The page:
Judiciary Square in Washington, District of Columbia — The American Northeast (Mid-Atlantic)
Sitting in Judgment
Civil War to Civil Rights
— Downtown Heritage Trail —
In 1874 Congress took over city operations, ending home rule. DC lost the right to elect a mayor and city council. The courts and municipal offices remained in the mayor-less City Hall. For nearly a century, until limited home rule was restored, three commissioners appointed by the U.S. president ran the city.
As part of steps to return home rule to the city in 1970, Congress reorganized DC's judicial system. It removed local cases from federal jurisdiction and created the Superior Court of the District of Columbia to hear everything from traffic violations to criminal matters. The Superior Court's Family Division moved into the Old City Hall/Courthouse. An expanded DC Court of Appeals became the District's court of last resort.
In 1999 the worn-out courthouse closed to await rehabilitation. Ten years later, after extensive
Some of the most noteworthy trials in our city's history have taken place here. In 1867 John Surratt faced trial for conspiring with John Wilkes Booth to kill President Lincoln. Surratt was acquitted after testifying that, when the assassination occurred, he was in New York on a Confederate spying mission.
Charles Guiteau fared worse. In 1882, despite evidence of insanity, Guiteau was convicted of mortally wounding President James Garfield. He received the death penalty.
Erected 2012 by Cultural Tourism DC. (Marker Number e.4.)
Topics and series. This historical marker is listed in these topic lists: African Americans • Government & Politics • Notable Buildings • Notable Events. In addition, it is included in the Downtown Heritage Trail, the Former U.S. Presidents: #16 Abraham Lincoln, and the Former U.S. Presidents: #20 James A. Garfield series lists.
Location. 38° 53.7′ N, 77° 1.06′ W. Marker is in Judiciary Square in Washington, District of Columbia. Marker is on Indiana Avenue Northwest east of 5th Street Northwest, on the right when traveling west. Located on the south side of the DC Court of Appeals Building - on Indiana Touch for map. Marker is at or near this postal address: 430 E Street Northwest, Washington DC 20001, United States of America. Touch for directions.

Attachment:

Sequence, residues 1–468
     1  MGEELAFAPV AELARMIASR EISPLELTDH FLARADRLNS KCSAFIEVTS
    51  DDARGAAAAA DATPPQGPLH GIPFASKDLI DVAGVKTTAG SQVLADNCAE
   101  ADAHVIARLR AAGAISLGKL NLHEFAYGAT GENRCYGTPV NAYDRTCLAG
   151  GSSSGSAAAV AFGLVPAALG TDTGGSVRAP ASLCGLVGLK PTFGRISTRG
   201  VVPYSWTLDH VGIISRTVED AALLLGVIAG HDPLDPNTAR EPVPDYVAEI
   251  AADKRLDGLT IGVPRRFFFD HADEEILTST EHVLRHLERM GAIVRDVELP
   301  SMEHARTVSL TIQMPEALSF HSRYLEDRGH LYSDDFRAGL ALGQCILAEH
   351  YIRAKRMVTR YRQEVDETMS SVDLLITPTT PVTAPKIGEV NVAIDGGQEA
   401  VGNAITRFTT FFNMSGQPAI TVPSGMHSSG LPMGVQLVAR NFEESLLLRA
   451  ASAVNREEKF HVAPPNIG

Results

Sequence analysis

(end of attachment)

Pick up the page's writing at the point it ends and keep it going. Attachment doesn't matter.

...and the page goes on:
Other nearby markers. At least 8 other markers are within walking distance of this marker. Old City Hall (here, next to this marker); A Courthouse Reborn (about 300 feet away, measured in a direct line); Building Out the Square (about 400 feet away); Senator Daniel Webster (about 400 feet away); Discover DC / Judiciary Square (about 400 feet away); Daniel Webster (about 500 feet away); DC Recorder of Deeds Building/WPA Era Murals (about 500 feet away); Washington City Spring (about 600 feet away). Touch for a list and map of all markers in Judiciary Square.
Related markers. Click here for a list of markers that are related to this marker. To better understand the relationship, study each marker in the order shown.
Also see . . .
1. Lott Flannery, sculptor. (Submitted on August 11, 2012, by Richard E. Miller of Oxon Hill, Maryland.)
2. Tribute to Lincoln by Benjamin B. French,. Washington Evening Star - April 15, 1868 (Submitted on August 11, 2012, by Richard E. Miller of Oxon Hill, Maryland.)
3. District of Columbia City Hall ["Old City Hall"]. (Submitted on August 11, 2012, by Richard E. Miller of Oxon Hill, Maryland.)
Additional keywords. Jurisprudence; Lott Flannery, sculptor
Credits. This page was last revised on May 18, 2020. It was originally submitted on May 6, 2012, by Craig Swain of Leesburg, Virginia. This page has been viewed 827 times since then and 20 times this year. Last updated on August 12, 2012, by Richard E. Miller of Oxon Hill, Maryland. Photos: 1. submitted on May 6, 2012, by Craig Swain of Leesburg, Virginia. 2. submitted on August 21, 2012, by Richard E. Miller of Oxon Hill, Maryland. 3, 4, 5, 6, 7, 8, 9, 10. submitted on May 6, 2012, by Craig Swain of Leesburg, Virginia. 11, 12, 13. submitted on August 11, 2012, by Richard E. Miller of Oxon Hill, Maryland.